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The ‘green team’: New York City’s new playgrounds designed by students

Don Procter
The ‘green team’: New York City’s new playgrounds designed by students
TRUST FOR PUBLIC LAND — Young students review playground schematics in New York City. Joan Keener, deputy director of the Trust Public Land's NYC Playgrounds Program, oversees young students evaluating playground design drawings.

Five public schools in New York City are replacing worn blacktop playgrounds with new green infrastructure designs, not only as recreational upgrades but also to mitigate flooding brought on by the changing climate.

Each costing about $2.3 million, the green playgrounds will use permeable materials to absorb or collect more than 3.5 million gallons of water that would otherwise run into storm sewers.

While that may raise eyebrows for what can be done with a little know-how, equally interesting is who is behind the new playground designs.

“We (Trust for Public Land) worked together with the schools to work with students to do the designs,” says Mary Alice Lee, New York City playgrounds program director of TPL.   

In partnership with the New York City Department of Environmental Protection (DEP) and Studio HIP Landscape Architecture, the Trust’s staff has gone through a three-month design process with students for each school, ranging from elementary to high school.

While the design workload is tailored to each age group, a common objective is to teach the students about issues such as space, sun orientation, permeable/impermeable surfaces and measurements, says Liz Hand-Fry, principal landscape architect with Studio HIP.

Armed with design notebooks, students have been evaluating their playground sites for simple problems such as the location of puddles and cracked asphalt.

How to capture stormwater onsite that could otherwise contribute to flooding is emphasized in the class; it is not just about designing playing fields and climbing bars, says Lee.

Means of improving surface permeability include turf fields with gravel underlay, permeable membranes, trees, gardens and bioswales.

Some of the school sites include fitness equipment, running tracks, outdoor classrooms, picnic and games tables, bleachers, even ping pong tables and in one case an amphitheatre.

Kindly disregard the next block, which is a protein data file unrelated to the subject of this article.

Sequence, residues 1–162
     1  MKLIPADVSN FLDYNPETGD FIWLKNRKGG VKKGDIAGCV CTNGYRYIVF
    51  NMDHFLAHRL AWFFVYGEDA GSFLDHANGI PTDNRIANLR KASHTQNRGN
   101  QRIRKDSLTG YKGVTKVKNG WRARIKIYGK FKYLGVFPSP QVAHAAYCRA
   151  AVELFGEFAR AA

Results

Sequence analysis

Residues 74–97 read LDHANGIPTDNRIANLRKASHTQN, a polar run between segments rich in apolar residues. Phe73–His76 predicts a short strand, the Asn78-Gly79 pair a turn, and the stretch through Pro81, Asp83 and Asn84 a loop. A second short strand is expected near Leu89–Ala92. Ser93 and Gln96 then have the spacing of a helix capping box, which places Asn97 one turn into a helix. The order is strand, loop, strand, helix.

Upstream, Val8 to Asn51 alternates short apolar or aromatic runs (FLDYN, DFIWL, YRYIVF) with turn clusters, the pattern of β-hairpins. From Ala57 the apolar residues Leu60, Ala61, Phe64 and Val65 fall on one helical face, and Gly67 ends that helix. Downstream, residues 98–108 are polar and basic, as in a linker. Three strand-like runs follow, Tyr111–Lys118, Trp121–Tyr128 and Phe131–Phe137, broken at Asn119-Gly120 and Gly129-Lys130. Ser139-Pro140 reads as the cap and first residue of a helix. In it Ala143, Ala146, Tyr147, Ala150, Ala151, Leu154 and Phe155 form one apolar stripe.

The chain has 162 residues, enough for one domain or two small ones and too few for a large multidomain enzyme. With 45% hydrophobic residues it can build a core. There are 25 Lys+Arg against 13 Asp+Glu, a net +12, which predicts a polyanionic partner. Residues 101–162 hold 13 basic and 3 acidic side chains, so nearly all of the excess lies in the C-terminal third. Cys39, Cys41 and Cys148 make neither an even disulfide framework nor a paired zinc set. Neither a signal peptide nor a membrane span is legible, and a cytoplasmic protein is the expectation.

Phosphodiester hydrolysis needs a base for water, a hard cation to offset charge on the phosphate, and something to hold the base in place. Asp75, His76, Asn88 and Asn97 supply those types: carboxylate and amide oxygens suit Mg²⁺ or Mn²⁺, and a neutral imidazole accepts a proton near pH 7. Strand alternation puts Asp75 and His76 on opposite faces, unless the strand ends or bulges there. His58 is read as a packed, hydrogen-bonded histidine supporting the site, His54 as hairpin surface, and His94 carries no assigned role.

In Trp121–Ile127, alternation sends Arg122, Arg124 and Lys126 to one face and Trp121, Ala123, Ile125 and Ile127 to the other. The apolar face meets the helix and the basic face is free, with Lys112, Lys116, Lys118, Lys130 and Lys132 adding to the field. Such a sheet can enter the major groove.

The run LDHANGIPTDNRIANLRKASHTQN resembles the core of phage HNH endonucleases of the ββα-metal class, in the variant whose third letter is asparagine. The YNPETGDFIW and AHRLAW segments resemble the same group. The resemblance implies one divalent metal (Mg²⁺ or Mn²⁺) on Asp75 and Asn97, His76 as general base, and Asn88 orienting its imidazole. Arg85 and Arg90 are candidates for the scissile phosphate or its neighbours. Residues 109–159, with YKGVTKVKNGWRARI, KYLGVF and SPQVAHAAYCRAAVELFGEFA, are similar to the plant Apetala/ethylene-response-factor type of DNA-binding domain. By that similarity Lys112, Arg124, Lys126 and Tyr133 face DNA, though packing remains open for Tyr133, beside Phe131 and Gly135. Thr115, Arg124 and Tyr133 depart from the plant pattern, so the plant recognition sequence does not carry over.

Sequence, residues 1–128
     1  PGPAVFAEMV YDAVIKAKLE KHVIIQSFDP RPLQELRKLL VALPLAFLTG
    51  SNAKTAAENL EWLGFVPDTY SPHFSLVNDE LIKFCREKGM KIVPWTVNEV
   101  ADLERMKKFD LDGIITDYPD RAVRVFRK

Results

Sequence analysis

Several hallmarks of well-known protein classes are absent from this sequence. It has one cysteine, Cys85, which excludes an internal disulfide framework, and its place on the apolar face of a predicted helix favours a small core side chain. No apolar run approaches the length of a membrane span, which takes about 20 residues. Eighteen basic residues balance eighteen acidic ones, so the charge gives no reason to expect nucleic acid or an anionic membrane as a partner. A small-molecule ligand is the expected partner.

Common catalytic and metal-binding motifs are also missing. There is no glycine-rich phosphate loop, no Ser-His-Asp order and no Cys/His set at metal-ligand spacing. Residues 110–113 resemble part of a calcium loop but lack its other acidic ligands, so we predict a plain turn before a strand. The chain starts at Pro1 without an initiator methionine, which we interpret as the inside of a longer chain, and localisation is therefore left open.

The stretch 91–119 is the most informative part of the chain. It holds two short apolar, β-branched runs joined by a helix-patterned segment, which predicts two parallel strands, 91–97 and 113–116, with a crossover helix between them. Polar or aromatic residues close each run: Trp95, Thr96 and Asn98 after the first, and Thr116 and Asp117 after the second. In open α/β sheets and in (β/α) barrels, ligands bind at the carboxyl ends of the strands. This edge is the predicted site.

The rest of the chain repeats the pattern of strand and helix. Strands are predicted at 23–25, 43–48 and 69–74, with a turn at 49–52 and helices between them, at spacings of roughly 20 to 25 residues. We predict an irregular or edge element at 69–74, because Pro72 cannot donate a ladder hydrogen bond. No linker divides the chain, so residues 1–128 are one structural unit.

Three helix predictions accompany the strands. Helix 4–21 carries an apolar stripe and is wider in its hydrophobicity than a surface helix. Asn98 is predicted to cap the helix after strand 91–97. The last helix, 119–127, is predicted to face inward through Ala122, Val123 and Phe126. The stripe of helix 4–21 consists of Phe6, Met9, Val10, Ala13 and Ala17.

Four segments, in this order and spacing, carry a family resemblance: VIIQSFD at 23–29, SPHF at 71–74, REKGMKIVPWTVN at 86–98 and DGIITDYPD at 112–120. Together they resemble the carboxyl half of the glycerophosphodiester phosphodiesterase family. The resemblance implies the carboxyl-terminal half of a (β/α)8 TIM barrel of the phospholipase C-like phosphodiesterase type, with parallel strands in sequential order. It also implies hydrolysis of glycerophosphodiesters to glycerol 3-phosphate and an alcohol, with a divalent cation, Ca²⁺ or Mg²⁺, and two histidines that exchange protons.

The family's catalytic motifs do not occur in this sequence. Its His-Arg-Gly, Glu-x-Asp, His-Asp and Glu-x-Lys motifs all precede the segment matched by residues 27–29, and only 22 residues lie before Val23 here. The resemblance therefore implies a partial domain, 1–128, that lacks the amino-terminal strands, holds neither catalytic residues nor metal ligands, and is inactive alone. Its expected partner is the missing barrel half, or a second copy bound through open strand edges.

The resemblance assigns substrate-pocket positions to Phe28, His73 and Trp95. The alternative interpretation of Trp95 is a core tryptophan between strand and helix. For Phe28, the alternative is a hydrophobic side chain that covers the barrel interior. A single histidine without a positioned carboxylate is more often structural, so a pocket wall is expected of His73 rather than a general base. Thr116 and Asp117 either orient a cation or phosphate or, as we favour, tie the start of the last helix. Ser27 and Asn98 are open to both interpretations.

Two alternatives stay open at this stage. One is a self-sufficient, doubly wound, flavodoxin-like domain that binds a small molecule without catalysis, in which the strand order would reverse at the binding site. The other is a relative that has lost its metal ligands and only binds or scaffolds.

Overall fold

Lee says resilient elements have to be factored into the designs because upwards of 1,000 students run and play on the grounds daily.

She adds students have had to design to a budget and make accommodations for other users such as school staff and community residents who will have access to the playgrounds in off-hours.

“We had them thinking about the idea of equity and what the items (in the space) would be for everyone to use,” says Lee.

Hand-Fry adds the student’s viewpoints are well regarded but they do have to do the work to get results.

“They pretty much go through what we go through when we design something.”

That participatory design process goes beyond the classroom, extending to the staff and surrounding neighborhoods.

Once the playgrounds are opened a “green team” will be formed consisting of students, staff and residents to help maintain the sites. 

“We do things like identification workshops to determine things like what are the weeds and what are the flowers,” says Lee.

Under construction now, the playground projects will open in June and several more playgrounds will be under construction for planned openings in fall.

The construction contracts are awarded through a bid process.

The five playgrounds include two in Queens and one each in Brooklyn, Manhattan and The Bronx.  Ranging in size, the green infrastructure playgrounds manage from 440,000 gallons to more than one million gallons of stormwater annually.

Over the past 25 years 226 playgrounds in New York City have been opened through the TPL in partnership with the DEP. Roughly 30 of those are green designs with the remainder having “green elements,” says Lee.

“The more recent ones since our partnership with the EP (Deptartment of Environmental Protection) are the ones that we’ve actively put in green infrastructure to manage the rainwater,” she says.

Ultimately, the goal of the program is to have green infrastructure space within 10 minutes of every child, adds Hand-Fry.

“Climate change is bringing with it rainstorms that can overwhelm our sewers and cause flooding across the five boroughs, which is why we have more than doubled our budget for drainage upgrades, including these terrific green Infrastructure playgrounds,” says New York City chief climate of officer and DEP commissioner Rohit Aggarwala.

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